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The Amount of Calories in a Gram of Fat

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Since
lipid emulsions contain glycerol, the lipid emulsion does not have
9 kcal per gram* as it would if it were pure fat. To determine kcalories
supplied by lipid, multiply the volume of 10% lipid (in ml) by 1.1;
multiply the volume of 20% lipid (in ml) by 2.0.

If
lipids are not given daily, divide total kcalories supplied by fat
in one week by 7 to get an estimate of the average fat kcalories
per day.

*Note:
Some use 10 kcal/gm for lipid emulsions.


Example
Lipid Calculation



500
ml of 10% lipid

500
ml x 1.1 kcal/ml = 550 kcal



500
ml 20% lipid

500
ml x 2.0 kcal/ml = 1000 kcal



Practice
Calculations

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3 of 15

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  • Healthy Eating
  • Nutrition
  • Protein

by Leaf Group

Each Gram of Protein & Carbohydrates Contains How Many Kilocalories?

Written by Erin Coleman, R.D., L.D.; Updated July 20, 2017

Protein and carbohydrates each contain 4 calories per gram.

Protein and carbohydrates each contain 4 calories per gram.

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  • 3 Recommended Grams of Nutrients Per Day for Healthy Weight Loss
  • 4 Protein Required for a Female

Consuming the right balance of protein, carbohydrates and fat can help you maintain a healthy weight and optimize your energy levels. Protein and carbohydrates both contain 4 calories per gram, while fat provides 9 calories per gram. Calculating your calorie needs can help you determine how many grams of protein, carbohydrates and fat you should consume each day.

Calorie Needs

The 2015 Dietary Guidelines for Americans estimates women need 1,600 to 2,000 calories, while men generally require 2,000 to 3,000 calories each day to maintain a healthy weight. Harvard Medical School suggests adults need 13 to 18 calories per pound of body weight each day to maintain their weight. Therefore, a 125-pound woman needs 1,625 to 2,250 calories each day and a 165-pound man requires 2,145 to 2,970 calories per day, depending on their activity level. Safe and effective weight loss diets for men and women usually contain 1,200 to 1,600 calories per day, according to the U.S. Department of Health and Human Services.

Carbohydrate Requirements

The Institute of Medicine recommends adults consume 45 to 65 percent of their daily calories from carbohydrates. Since carbohydrates contain 4 calories in each gram, calculate your carb requirements by dividing 45 to 65 percent of your calorie needs by four. For example, if you require 2,000 calories per day aim to eat 900 to 1,300 calories from carbohydrates, or 225 to 325 grams of carbs each day. Healthy, nutrient-dense carbohydrates are found in fruits, vegetables, whole grains, legumes, low-fat milk, low-fat yogurt, nuts and seeds.

Protein Requirements

Adults should consume 10 to 35 percent of their energy intake from protein, according to the Institute of Medicine. Since protein provides 4 calories per gram, if your goal is to consume 20 percent of your calories from protein you’d need to eat 400 calories, or about 100 grams, of protein per day when consuming a 2,000-calorie diet. High-protein foods include lean meats, poultry, seafood, soy products, seitan, eggs, dairy foods, legumes, nuts and seeds.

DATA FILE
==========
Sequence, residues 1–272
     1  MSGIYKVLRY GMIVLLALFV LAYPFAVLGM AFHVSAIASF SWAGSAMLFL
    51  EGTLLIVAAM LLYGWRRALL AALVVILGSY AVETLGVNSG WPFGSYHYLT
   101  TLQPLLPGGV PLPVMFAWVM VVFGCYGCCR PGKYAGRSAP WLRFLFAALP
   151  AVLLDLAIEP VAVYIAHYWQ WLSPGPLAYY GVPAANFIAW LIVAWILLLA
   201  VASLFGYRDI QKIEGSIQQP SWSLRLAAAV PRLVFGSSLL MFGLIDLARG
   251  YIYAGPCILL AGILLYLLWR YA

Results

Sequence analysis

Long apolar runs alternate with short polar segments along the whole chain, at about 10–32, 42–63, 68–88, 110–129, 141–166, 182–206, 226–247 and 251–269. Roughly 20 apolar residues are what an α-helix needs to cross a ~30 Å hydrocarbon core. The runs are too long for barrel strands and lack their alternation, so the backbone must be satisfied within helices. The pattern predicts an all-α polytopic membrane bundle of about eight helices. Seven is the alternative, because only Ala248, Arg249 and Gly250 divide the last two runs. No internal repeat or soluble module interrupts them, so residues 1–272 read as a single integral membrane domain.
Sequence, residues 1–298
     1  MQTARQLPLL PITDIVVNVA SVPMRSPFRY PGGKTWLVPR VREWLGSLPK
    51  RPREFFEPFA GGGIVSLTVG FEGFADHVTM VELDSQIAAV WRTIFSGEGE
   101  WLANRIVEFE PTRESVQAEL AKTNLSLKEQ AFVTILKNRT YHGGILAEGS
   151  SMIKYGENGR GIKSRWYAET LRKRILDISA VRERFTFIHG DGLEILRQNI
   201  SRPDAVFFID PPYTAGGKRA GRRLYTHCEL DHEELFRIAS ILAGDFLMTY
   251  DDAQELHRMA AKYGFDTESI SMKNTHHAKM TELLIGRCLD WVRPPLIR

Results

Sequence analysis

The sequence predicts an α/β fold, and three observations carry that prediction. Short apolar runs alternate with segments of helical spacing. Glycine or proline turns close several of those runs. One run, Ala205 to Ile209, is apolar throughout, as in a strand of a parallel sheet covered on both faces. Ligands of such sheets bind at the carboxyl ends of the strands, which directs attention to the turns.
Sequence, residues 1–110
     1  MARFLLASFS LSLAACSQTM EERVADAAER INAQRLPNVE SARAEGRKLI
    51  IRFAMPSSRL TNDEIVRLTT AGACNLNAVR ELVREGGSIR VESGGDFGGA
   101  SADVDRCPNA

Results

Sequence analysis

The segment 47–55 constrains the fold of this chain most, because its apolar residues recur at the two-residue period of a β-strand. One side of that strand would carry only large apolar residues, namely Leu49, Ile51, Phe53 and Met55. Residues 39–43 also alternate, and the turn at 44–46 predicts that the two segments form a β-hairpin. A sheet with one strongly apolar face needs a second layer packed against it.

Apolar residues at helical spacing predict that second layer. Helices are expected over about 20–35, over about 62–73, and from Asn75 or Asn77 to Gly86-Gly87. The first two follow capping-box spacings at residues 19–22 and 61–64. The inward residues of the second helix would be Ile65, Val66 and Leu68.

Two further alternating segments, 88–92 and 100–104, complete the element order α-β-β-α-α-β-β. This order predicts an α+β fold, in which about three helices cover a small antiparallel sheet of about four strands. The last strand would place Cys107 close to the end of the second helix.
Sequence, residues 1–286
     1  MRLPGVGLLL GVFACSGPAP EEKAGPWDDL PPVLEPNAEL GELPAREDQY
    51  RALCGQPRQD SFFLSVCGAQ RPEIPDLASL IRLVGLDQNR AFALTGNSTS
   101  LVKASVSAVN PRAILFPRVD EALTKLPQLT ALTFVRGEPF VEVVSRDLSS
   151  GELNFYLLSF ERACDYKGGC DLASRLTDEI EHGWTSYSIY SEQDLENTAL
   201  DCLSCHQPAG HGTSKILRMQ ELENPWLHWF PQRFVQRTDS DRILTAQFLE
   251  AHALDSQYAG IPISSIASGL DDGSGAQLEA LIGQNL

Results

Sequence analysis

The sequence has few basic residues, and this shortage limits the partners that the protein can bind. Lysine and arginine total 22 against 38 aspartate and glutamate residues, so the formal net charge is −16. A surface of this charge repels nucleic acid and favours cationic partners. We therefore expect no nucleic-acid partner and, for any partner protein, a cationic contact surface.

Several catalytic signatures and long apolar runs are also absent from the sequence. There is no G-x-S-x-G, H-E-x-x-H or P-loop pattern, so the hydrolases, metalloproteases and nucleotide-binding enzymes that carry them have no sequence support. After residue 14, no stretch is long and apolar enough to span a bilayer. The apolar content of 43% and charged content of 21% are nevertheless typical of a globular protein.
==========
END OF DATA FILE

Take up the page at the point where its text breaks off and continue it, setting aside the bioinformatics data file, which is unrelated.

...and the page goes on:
Fat Requirements

The Institute of Medicine suggests adults eat 20 to 35 percent of their daily calories from fat. Since fat provides 9 calories per gram, calculate your fat needs by dividing 20 to 35 percent of your calorie requirements by nine. Based on these recommendations you should eat 400 to 700 calories from fat, or about 44 to 78 grams of fat, each day when following a 2,000-calorie diet. To reduce your risk for heart disease, choose healthy unsaturated fats, such as vegetable oils, fish oil, hummus, avocados, nuts and seeds instead of high-fat meats, shortening, butter and full-fat dairy products.

References (5)

  • U.S. Department of Agriculture; U.S. Department of Health and Human Services: Dietary Guidelines for Americans 2015 to 2020
  • Harvard Medical School: Calories Burned in 30 Minutes for People of Three Different Weights
  • U.S. Department of Health and Human Services: Aim for a Healthy Weight
  • Institute of Medicine: Dietary Reference Intakes: Macronutrients
  • U.S. Department of Agriculture; U.S. Department of Health and Human Services: Dietary Guidelines for Americans 2015 to 2020 — Appendix 7, Daily Nutritional Goals for Age-Sex Groups Based on Dietary Reference Intakes and Dietary Guidelines Recommendations

About the Author

Erin Coleman is a registered and licensed dietitian. She also holds a Bachelor of Science in dietetics and has extensive experience working as a health writer and health educator. Her articles are published on various health, nutrition and fitness websites.

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Coleman,, Erin. “Each Gram of Protein & Carbohydrates Contains How Many Kilocalories?” Healthy Eating | SF Gate, http://healthyeating.sfgate.com/gram-protein-carbohydrates-contains-many-kilocalories-5978.html. 20 July 2017.
Coleman,, Erin. (2017, July 20). Each Gram of Protein & Carbohydrates Contains How Many Kilocalories? Healthy Eating | SF Gate. Retrieved from http://healthyeating.sfgate.com/gram-protein-carbohydrates-contains-many-kilocalories-5978.html
Coleman,, Erin. “Each Gram of Protein & Carbohydrates Contains How Many Kilocalories?” last modified July 20, 2017. http://healthyeating.sfgate.com/gram-protein-carbohydrates-contains-many-kilocalories-5978.html

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